The study measured physical activity in a unit known as metabolic minutes. This is a way to quantify the time spent in various activities while considering the intensity of the activity at the same time. For example, running has a higher metabolic equivalent than household chores or walking. People reported reductions in aerobic-type exercises, weight training, and sports but increases in exercise from online workout videos and household chores including gardening.
Despite these changes to activity patterns, the study showed that metabolic minutes dropped an average of 80 minutes per week, which is equivalent to 20 minutes of walking, pick-up sports, or yard work per week. The time normally spent in physical activity was likely replaced with leisure sedentary activities, such as watching television, playing video games, or being on the computer.
The COVID-19 survey study revealed universal increases in stress and anxiety. We found that general anxiety scores nearly doubled with one in five people reporting it was affecting their work and daily life tasks. Over 75% of people were at least moderately concerned for their own health and 87% were concerned for the health of a family member or friend. And if you were having sleepless nights, you were not alone. About one-third of the study participants reported waking up in the middle of the night with fear or worry of the virus, sometimes checking the news or their own temperature.
COVID-19 and obesity
In Louisiana we are no strangers to obesity and its associated health complications, and by now we are all familiar with the link between COVID-19 risk, virus severity and obesity. Our study showed that individuals with obesity have a heightened fear of the virus and they showed declines in mental health that were much higher compared to people without obesity. We observed that 90% of people with obesity were worried about their own health as well as the health of others. One in four people with obesity reported that their anxiety was affecting their daily life tasks.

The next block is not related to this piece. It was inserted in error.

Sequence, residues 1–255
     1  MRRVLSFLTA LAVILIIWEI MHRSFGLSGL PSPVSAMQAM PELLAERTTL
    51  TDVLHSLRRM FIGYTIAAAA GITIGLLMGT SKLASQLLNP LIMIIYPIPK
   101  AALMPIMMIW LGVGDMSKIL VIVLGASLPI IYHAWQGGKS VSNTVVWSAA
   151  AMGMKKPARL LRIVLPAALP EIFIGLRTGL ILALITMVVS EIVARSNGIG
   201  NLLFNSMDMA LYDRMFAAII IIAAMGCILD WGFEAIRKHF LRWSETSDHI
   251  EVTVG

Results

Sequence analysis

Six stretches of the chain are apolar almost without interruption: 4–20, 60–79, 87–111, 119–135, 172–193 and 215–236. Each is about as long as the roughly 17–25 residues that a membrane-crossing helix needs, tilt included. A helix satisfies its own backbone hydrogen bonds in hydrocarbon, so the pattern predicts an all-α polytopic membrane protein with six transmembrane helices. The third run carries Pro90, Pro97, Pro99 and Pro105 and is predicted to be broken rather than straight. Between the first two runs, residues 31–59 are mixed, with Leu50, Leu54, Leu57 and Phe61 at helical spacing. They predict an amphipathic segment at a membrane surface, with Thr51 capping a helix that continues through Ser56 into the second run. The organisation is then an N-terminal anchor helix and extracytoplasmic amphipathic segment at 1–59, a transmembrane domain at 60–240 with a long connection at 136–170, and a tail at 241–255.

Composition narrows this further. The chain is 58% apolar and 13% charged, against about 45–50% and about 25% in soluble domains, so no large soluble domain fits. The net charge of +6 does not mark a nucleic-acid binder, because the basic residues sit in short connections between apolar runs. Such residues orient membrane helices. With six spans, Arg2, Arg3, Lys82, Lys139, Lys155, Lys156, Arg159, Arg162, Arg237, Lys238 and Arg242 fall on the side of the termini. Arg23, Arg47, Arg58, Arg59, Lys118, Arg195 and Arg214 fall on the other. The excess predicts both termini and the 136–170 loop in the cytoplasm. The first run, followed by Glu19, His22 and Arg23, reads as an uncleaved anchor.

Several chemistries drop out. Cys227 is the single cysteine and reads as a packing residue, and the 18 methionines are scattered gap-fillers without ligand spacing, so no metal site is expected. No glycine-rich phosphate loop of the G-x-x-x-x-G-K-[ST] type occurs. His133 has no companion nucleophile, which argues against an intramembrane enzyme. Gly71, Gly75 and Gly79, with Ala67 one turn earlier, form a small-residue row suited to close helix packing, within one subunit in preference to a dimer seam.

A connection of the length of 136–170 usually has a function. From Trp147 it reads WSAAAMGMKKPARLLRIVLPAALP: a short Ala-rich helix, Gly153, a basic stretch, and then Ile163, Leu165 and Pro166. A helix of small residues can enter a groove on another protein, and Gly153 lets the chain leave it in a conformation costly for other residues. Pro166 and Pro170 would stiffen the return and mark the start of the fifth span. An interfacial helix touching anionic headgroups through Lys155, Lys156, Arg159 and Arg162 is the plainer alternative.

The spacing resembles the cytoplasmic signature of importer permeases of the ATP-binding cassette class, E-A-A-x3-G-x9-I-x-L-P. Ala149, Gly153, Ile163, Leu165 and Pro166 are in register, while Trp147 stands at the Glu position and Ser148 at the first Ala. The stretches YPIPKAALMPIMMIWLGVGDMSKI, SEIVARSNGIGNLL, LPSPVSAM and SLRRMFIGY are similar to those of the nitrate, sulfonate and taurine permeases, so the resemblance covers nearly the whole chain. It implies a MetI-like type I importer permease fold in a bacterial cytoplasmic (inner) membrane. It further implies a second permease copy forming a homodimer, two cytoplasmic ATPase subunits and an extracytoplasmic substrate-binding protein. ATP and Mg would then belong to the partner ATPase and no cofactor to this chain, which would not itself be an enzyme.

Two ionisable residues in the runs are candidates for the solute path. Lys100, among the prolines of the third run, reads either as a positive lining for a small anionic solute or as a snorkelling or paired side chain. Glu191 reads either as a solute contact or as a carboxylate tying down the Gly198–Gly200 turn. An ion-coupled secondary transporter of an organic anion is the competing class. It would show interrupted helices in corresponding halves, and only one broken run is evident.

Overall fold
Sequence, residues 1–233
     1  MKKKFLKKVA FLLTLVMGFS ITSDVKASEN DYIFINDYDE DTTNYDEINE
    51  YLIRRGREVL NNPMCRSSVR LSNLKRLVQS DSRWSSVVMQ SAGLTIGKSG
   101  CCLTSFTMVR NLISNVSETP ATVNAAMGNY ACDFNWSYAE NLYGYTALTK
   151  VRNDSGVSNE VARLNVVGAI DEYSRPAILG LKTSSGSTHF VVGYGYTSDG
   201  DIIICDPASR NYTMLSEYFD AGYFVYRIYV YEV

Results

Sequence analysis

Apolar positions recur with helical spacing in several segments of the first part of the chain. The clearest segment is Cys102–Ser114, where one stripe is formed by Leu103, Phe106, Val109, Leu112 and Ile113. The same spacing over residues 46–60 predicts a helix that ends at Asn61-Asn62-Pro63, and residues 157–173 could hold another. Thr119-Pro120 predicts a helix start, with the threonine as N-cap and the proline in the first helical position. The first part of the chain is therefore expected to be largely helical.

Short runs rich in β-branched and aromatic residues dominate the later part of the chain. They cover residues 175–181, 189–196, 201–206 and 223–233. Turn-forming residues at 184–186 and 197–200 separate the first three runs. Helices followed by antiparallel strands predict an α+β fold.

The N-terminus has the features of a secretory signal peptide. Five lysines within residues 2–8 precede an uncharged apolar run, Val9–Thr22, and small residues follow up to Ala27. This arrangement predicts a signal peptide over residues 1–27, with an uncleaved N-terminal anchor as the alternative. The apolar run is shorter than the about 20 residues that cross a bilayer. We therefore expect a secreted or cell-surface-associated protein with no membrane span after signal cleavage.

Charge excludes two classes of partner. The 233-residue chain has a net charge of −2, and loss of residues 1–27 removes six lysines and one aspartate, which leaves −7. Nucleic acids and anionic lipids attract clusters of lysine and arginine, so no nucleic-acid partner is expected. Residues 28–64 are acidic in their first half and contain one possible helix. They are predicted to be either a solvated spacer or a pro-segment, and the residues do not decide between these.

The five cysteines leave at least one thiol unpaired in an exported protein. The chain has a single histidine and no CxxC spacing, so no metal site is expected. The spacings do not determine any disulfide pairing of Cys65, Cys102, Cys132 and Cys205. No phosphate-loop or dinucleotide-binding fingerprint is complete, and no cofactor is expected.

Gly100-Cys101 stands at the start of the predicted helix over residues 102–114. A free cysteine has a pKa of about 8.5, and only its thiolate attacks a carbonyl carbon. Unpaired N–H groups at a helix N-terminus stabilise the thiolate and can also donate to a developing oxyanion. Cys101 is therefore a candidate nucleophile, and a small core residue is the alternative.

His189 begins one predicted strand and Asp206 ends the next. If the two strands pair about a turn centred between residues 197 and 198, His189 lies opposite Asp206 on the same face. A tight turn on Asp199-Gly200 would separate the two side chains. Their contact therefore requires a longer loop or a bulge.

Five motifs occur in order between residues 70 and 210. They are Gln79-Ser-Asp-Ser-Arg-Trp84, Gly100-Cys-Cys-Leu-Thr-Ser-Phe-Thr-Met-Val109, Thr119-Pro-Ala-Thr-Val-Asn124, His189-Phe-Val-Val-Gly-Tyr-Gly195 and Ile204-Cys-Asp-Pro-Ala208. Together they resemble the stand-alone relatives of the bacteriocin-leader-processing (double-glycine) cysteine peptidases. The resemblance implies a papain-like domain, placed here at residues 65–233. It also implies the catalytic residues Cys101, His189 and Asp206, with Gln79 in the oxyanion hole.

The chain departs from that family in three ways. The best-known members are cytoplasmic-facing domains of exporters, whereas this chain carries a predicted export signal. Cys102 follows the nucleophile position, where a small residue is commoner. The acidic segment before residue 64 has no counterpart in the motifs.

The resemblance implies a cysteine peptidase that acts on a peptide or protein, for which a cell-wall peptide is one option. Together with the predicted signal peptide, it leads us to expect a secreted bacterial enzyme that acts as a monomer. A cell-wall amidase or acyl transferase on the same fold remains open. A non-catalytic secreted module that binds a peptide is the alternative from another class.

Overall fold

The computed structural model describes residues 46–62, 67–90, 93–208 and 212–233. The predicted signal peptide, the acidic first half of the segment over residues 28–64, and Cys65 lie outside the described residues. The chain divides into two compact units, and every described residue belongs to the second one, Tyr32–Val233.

We must remember that as stay-at-home orders are lifted and restaurants and fitness facilities begin to open their doors, normalcy remains in the distant future. We must remain diligent to protect our health, including nourishing our bodies with plentiful exercise, nutrient-rich foods, and mental awareness. As we look beyond the fear of the virus itself, perhaps the COVID-19 pandemic has become a teachable moment for many.
It has (re)taught us the value of home cooking, the importance of staying active, and that we must continue to find ways to improve the lives of those most at risk. The future of this pandemic is truly unknown, and we are only starting to unravel the dramatic lifestyle changes in response to this unprecedented situation.
What we have learned is that the effects on health behaviors such as eating, physical activity and mental well-being were universal. And despite being confined to their homes, people remain more connected than ever before. As online medicine continues to grow, we must not overlook the opportunity to engage people in programs that teach how to adopt a healthy lifestyle and enhance mental health.